(Specious “Privacy” to Evade Attention and Reform)

Most of us are by now aware that the acronym SLAPP refers to “Strategic Litigation Against Public Participation”—in its purest form, a lawsuit filed to silence speech about public issues, brought by one who finds the speech detrimental to his personal interests.

I would add to the quiver of systematic weapons against self-government the SPEAR— “Specious ‘Privacy’ to Evade Attention and Reform.” Instead of a private person’s using the formidable threat of litigation to discourage constitutionally protected speech by others, the SPEAR involves the government itself using the quieter but equally effective mechanism of secrecy—denial of access to information in public records—to keep people from effectively scrutinizing its faults and foibles, or from even corresponding and comparing notes with one another on the need for reform.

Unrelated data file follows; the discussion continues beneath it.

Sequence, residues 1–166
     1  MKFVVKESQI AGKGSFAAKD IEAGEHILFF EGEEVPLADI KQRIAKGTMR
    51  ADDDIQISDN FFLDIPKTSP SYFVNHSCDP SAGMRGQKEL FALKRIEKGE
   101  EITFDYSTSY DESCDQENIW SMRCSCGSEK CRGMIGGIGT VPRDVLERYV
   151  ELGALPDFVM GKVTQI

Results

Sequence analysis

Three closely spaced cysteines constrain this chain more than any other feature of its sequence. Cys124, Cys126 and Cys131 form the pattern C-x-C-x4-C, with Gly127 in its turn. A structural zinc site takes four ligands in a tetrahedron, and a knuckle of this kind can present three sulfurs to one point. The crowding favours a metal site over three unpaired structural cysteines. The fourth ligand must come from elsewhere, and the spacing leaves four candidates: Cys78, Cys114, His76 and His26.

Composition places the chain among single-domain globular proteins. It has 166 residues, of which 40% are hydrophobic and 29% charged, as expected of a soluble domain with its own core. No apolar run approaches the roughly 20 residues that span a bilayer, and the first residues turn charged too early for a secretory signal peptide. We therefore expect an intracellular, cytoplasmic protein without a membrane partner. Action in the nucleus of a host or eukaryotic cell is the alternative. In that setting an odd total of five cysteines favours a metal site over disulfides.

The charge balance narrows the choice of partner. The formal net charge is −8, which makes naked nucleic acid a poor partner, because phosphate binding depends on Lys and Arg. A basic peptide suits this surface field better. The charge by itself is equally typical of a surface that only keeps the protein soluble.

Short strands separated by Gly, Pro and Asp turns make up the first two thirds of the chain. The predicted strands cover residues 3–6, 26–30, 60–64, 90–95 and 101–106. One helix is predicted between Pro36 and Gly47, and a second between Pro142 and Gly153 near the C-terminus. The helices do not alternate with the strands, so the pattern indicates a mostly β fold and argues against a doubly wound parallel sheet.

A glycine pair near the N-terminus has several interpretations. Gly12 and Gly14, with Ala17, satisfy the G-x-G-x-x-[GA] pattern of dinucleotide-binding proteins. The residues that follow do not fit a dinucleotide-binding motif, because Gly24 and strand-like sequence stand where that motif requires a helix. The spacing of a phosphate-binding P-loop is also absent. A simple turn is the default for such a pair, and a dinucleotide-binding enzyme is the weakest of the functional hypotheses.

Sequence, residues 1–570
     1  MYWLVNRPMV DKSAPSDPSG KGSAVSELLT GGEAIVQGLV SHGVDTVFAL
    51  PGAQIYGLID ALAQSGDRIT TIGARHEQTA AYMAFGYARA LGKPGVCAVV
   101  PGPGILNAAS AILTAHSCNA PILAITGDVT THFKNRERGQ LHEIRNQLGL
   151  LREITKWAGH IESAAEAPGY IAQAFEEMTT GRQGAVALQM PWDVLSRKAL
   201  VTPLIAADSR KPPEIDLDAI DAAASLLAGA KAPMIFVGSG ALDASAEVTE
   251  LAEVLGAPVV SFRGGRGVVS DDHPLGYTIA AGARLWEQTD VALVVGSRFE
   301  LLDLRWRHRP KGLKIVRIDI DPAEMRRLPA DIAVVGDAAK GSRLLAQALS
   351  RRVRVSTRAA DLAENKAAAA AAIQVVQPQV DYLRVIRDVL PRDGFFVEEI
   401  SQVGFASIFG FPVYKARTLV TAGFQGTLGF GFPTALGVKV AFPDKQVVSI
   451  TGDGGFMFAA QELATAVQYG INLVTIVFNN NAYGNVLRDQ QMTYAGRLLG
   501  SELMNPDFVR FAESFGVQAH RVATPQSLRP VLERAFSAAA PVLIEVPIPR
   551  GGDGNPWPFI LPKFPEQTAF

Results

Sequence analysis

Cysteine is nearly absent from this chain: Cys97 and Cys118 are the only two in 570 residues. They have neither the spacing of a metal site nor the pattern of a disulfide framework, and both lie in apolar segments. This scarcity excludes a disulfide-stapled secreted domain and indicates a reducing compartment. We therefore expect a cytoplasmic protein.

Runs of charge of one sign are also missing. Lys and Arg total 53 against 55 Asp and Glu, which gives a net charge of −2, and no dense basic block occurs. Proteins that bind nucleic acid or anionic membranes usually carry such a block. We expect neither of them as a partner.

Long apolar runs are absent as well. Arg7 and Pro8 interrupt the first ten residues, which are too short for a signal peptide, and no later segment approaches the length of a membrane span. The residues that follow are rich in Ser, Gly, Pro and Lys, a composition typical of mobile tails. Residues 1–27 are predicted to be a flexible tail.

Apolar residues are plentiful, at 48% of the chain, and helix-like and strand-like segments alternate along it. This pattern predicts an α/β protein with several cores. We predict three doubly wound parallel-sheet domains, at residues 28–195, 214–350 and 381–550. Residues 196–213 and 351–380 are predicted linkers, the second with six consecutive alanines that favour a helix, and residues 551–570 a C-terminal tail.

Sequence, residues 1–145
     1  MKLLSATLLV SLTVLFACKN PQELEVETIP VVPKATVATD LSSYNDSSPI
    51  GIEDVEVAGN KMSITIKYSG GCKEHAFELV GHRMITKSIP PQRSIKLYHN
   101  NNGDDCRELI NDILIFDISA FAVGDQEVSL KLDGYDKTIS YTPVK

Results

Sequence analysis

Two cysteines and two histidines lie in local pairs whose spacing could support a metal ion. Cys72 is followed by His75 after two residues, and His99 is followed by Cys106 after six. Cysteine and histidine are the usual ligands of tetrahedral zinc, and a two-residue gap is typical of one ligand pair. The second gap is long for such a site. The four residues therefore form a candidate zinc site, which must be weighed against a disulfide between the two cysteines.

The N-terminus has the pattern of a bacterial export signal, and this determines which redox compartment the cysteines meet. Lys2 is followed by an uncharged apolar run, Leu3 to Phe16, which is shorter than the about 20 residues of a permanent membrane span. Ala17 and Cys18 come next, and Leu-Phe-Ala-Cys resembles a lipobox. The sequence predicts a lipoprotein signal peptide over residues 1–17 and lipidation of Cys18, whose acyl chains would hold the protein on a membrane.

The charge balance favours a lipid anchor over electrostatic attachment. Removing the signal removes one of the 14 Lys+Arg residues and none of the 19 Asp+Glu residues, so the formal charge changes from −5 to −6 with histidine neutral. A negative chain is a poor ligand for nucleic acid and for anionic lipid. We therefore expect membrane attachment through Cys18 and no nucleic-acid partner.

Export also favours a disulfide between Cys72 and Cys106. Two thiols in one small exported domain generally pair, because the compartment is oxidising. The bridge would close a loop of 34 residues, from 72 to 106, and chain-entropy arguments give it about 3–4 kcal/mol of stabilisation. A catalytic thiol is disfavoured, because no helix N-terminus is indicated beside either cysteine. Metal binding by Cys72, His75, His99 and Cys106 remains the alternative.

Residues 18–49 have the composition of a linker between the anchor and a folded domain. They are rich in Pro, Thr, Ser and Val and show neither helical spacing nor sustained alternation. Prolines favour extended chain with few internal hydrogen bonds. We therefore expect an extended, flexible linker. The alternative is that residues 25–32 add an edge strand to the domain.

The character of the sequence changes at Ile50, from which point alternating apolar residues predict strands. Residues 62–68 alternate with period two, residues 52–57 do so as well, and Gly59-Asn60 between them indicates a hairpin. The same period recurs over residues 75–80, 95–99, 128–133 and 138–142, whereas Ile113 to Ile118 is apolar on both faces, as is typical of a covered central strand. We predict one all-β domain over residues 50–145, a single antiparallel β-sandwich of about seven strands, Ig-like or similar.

The notion that the core policy or most legitimate purpose of public records access laws is to shed light on government activities and not on private lives is easily said, but sets up a fallacious mutual exclusiveness. In many cases one simply cannot evaluate government activities without knowing, with some particularity, whom they benefit or burden, and how. Moreover, a scheme of protection that allows the government to deem facts “private” and exempt from disclosure simply because they involve identifiable individuals may or may not benefit those very individuals (who are often never consulted or even informed regarding the denial), but may just as easily benefit the desire of government to have its activities and their impact on the individual kept quiet.